Zim, Iran sign health equipment deal
Mukudzei Chingwere in TEHRAN, Iran
Zimbabwe and Iran have signed a memorandum of understanding on cooperation in pharmaceutical and medical equipment, plus medical education and health system management.
Vice President and Health and Child Care Minister Dr Constantino Chiwenga, who is in Iran on a bilateral visit, signed the agreement on behalf of Zimbabwe, while Iranian Minister of Health and Medical Education, Dr Bahram Einollahi, signed for Iran.
The close cooperation between the two countries will accelerate implementation of Zimbabwe’s national health strategy underpinned on universal health coverage of sufficient quality.
Iran has become one of the leading countries in the world in medical tourism and also boasts of vibrant manufacturing capacity accounting for more than 97 percent of its own medical requirements.
Their progress has caught the attention of World Health Organisation (WHO) director-general Dr Tedros Ghebreyesus, who has said Iran is a healthcare regional leader with increased public investment in the sector as well as improved infrastructure.
Yesterday, VP Chiwenga visited Iran’s House of Innovation and Technology, and a medical equipment exhibition, as he and his delegation sought to tap into Iran’s innovativeness.
“Zimbabwe commends and appreciates the excellent relations that have existed between our two sisterly countries since the days of Zimbabwe’s liberation struggle,” said VP Chiwenga.
“It is imperative that the two countries redouble their efforts to ensure that these political relations are complemented by growth in economic interactions between the two countries. I am impressed with your innovation.
“We will be sending our delegation from Higher and Tertiary Education Ministry to learn.
“We are interested in cancer machines, mobile hospitals for disaster prone areas, CT Scans, anaesthetic machines, among others.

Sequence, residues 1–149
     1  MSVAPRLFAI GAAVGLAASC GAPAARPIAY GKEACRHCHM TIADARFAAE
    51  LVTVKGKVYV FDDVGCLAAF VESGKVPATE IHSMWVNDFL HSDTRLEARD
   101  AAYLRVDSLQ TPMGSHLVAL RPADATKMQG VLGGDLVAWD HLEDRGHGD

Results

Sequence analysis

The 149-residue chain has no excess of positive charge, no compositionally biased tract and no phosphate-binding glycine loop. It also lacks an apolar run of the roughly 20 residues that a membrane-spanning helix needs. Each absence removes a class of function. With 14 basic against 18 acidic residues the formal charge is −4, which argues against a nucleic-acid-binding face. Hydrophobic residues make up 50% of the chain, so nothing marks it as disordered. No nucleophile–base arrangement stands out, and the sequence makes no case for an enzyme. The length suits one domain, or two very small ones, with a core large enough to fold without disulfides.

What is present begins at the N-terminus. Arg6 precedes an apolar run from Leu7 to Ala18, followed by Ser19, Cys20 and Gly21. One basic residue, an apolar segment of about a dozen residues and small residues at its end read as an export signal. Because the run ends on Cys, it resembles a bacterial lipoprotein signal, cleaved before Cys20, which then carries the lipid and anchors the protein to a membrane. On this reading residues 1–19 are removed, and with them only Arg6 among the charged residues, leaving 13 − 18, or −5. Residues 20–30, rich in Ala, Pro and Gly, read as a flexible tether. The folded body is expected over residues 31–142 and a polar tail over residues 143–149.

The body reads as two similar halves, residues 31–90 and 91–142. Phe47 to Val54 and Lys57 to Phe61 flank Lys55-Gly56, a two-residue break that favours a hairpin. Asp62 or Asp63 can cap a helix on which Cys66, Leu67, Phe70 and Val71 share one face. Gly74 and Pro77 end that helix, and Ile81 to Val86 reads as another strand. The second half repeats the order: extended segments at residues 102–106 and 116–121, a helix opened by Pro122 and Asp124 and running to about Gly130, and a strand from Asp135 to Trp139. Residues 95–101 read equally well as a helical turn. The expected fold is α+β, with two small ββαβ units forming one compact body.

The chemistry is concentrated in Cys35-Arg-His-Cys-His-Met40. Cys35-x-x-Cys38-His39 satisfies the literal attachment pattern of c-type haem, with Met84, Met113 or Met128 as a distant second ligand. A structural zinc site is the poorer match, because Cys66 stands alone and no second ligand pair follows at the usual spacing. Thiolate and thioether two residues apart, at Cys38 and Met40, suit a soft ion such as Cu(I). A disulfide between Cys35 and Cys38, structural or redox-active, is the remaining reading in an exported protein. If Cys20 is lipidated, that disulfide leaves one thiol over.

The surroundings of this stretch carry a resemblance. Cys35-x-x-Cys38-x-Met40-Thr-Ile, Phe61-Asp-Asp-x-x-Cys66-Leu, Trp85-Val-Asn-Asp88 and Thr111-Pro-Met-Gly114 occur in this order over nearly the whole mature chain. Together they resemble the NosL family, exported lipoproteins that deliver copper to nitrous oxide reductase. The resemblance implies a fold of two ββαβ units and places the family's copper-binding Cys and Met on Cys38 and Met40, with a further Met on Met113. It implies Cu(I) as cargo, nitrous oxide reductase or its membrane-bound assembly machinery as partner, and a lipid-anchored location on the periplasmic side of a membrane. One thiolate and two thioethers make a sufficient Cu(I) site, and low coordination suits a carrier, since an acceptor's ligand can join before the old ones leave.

“We noted the importance that you attach to research and innovation. The maintenance of equipment will be critical and easy because of the localised production. The medical equipment which we saw will make a huge difference in our hospitals.”
VP Chiwenga said Zimbabwe was interested in the joint production of medical equipment, adding that Iran could also take advantage of Harare’s position to reach out to the African market through the African Continental Free Trade Area.
Free trade areas have rules of origin within the area for manufacture of duty-free exports, but are not concerned if outsiders provide the technology or investment capital.
Just like Zimbabwe, Iran is under economic sanctions, making the country a great yardstick and example of sanctions-busting for Harare, which is pushing towards an upper middle income economy by 2030 as set out by President Mnangagwa.
Minister Einollahi said sanctions had taught them to be self-sufficient and improve local production.
He said their health system boasts of having all the specialities in the medical field, implying they can do without foreign referrals.
“They have imposed sanctions and at the time of Covid-19 they kept on with an unfair trade and kept sanctions in place,” he said.
“Despite the sanctions, we stood firm and developed our capacities. These sanctions have led us to have great achievements and development. We are able to stand on our own feet. There is no speciality we cannot do.
“I hope we can have great cooperation and achieve greater things together. Without doubt, your visit could have a great impact in increasing bilateral relations.
“History shows us that Zimbabwe is a good friend of Iran and can be relied upon. There is a lot of untapped potential, and we need to operationalise these engagements.”